The Other Side of the Pendulum

So, whose fault is it—prolonged singleness? Is it the single person’s? Society’s? And for the believer, is it safe to give God and His sovereignty some of the blame?


In my last post, several of you made comments that touched on a couple of these ideas. I don’t have space to discuss all of them here, but for now, there is a point I’d like to make.


The world is not as it was, back in the pristine days of Eden. That garden is no longer part of our earth, which is now tangled and weeded. Life comes with stinging thorns and thistles, with painful disappointment.


Circumstances aren’t always what they were meant to be.


And that’s how I view prolonged singleness—something that just wasn’t meant to be. Yet, it is. For many of us, both inside and outside the Church.


Women of the Western world today are blessed; we can pursue education and careers. We can vote. We are recognized as contributing citizens in our society, equal to men. For these rights, we can thank the Feminist Movement.


However, I think feminism has backfired on us. The pendulum has swung to the opposite extreme: Equality with men means doing everything a man does, being everything a man is. It often places women in competition with men, failing to acknowledge the complementary roles God gave each gender. When you boil it down, modern feminism equals self-sufficiency.


Do you think feminism has influenced the lives of women (and men) to such an extent that marriages are delayed? Why or why not?



3 Responses to “ “The Other Side of the Pendulum”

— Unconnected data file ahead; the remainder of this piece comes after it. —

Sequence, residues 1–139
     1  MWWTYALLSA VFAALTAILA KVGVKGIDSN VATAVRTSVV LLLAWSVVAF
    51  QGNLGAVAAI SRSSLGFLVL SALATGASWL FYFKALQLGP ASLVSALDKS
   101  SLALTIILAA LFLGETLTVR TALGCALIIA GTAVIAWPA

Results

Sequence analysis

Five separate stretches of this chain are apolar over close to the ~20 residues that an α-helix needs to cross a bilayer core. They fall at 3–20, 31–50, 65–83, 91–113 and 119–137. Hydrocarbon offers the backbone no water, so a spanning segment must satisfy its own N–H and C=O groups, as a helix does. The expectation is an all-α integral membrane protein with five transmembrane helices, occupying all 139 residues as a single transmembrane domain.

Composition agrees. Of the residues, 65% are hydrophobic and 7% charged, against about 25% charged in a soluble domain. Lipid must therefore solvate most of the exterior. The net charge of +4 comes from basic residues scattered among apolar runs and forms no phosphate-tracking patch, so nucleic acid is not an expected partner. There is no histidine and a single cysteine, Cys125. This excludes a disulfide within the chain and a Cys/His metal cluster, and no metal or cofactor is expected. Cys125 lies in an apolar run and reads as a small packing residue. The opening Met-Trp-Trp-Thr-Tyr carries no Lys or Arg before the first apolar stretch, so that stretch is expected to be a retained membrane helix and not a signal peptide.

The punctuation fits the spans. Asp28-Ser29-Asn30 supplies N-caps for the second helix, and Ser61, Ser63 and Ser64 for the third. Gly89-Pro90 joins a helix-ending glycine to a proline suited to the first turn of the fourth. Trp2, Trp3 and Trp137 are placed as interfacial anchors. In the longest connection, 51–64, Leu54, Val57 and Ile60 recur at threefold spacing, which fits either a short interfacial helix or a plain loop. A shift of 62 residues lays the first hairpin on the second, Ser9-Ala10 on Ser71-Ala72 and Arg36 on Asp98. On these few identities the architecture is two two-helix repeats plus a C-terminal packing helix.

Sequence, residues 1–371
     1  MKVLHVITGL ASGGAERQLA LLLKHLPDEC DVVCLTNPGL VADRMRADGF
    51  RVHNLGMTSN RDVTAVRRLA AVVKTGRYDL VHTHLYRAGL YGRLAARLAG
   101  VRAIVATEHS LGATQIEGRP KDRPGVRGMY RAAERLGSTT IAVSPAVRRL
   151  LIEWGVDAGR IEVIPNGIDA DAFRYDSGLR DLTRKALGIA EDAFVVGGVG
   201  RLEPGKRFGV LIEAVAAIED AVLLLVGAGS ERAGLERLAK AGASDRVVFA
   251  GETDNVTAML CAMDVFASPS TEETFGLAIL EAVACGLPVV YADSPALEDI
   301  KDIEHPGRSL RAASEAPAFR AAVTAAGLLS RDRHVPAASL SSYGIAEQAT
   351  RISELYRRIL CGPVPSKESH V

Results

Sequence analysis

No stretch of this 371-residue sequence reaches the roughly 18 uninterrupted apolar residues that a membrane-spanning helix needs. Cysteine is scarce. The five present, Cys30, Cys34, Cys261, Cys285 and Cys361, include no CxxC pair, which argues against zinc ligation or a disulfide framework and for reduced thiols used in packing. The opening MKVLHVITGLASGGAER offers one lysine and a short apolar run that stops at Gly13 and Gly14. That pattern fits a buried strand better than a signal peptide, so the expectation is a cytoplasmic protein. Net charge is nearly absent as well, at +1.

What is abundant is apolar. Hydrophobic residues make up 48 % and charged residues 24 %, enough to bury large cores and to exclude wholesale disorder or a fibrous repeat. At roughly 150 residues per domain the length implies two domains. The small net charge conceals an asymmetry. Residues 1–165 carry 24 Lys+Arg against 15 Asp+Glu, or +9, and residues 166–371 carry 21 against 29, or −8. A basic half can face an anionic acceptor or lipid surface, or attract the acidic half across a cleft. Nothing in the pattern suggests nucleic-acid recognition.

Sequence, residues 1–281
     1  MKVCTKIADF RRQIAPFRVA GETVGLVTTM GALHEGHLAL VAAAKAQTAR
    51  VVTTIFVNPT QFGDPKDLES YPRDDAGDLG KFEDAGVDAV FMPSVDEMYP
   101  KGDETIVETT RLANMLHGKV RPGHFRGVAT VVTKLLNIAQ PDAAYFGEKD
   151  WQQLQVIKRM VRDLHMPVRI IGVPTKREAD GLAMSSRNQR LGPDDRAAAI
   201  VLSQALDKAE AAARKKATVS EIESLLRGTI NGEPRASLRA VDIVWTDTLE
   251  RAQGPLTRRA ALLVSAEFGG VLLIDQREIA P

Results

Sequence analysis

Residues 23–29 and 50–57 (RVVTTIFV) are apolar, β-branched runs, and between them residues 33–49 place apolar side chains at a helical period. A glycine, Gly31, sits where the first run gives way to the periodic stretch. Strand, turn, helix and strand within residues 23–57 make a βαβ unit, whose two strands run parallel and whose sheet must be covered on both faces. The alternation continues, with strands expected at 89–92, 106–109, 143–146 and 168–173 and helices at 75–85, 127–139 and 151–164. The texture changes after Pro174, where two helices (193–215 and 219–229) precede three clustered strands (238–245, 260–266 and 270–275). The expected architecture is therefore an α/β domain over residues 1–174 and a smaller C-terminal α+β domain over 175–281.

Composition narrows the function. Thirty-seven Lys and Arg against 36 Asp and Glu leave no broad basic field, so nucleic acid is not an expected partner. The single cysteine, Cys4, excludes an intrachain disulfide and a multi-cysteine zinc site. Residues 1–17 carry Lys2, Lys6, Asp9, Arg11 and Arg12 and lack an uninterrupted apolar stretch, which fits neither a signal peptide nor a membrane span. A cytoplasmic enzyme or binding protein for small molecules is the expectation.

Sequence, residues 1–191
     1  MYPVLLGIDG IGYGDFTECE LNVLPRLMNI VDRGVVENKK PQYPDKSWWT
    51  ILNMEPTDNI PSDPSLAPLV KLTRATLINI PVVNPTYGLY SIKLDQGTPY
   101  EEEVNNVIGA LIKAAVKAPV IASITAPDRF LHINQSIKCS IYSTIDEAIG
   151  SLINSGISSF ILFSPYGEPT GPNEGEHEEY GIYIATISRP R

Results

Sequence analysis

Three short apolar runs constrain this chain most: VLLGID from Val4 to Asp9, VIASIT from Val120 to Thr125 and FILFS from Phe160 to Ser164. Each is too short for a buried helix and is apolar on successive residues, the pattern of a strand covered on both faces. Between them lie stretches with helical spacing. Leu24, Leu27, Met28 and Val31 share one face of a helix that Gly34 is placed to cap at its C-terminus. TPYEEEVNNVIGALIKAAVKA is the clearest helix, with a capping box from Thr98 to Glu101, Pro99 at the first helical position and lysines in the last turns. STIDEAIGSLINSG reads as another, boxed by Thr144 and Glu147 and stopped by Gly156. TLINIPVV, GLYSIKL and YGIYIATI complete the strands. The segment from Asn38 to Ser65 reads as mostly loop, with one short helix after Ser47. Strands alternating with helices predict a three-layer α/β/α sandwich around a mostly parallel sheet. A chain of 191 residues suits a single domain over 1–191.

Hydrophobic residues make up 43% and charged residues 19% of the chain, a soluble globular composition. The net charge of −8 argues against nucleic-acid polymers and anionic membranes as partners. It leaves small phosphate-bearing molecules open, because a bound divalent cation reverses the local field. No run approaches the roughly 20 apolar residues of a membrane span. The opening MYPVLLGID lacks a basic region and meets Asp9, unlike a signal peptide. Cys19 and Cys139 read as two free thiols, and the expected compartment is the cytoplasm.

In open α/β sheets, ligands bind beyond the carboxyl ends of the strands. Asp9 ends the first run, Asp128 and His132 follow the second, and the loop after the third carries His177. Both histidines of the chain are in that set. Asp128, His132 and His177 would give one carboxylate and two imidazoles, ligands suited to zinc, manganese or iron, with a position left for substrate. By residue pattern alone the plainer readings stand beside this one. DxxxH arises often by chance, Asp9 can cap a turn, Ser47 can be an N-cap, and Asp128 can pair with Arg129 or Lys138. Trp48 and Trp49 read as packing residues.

1. Brendy says:

    Absolutely! Men want to be providers and protectors and they're often emasculated by our culture and our media and are told that we women can do without them. I couldn't disagree more with what society is communicating to both men and women. I believe that marriage is something we have must contend for. Thanks Joanne for this blog. It's very timely! 🙂

  2. Sarah says:

    Men (good, Godly, Christian men) seem to be hanging back in their pursuit of co-ed community at alarming rates. Especially when single people reach their 30's and 40's, they need that community more than ever, but it seems like the drive to sustain that connectedness is gone in most men by this age. Women, being natural connectors and relationship builders, can easily be tempted to give up and just pursue connection with other women, since that is easier. From my perspective, I think feminism has crippled the male species in the God-given gift of pursuit.

  3. Joanne Chantelau says:

    Ladies, I whole-heartedly agree. It's not just women who have been affected by the messages of our society, but men. Sarah, I've noticed that lack of connectedness you talked about, and Brendy, you are so right: just getting married is something we have to fight for these days. Thanks to both for the comments and the follow!

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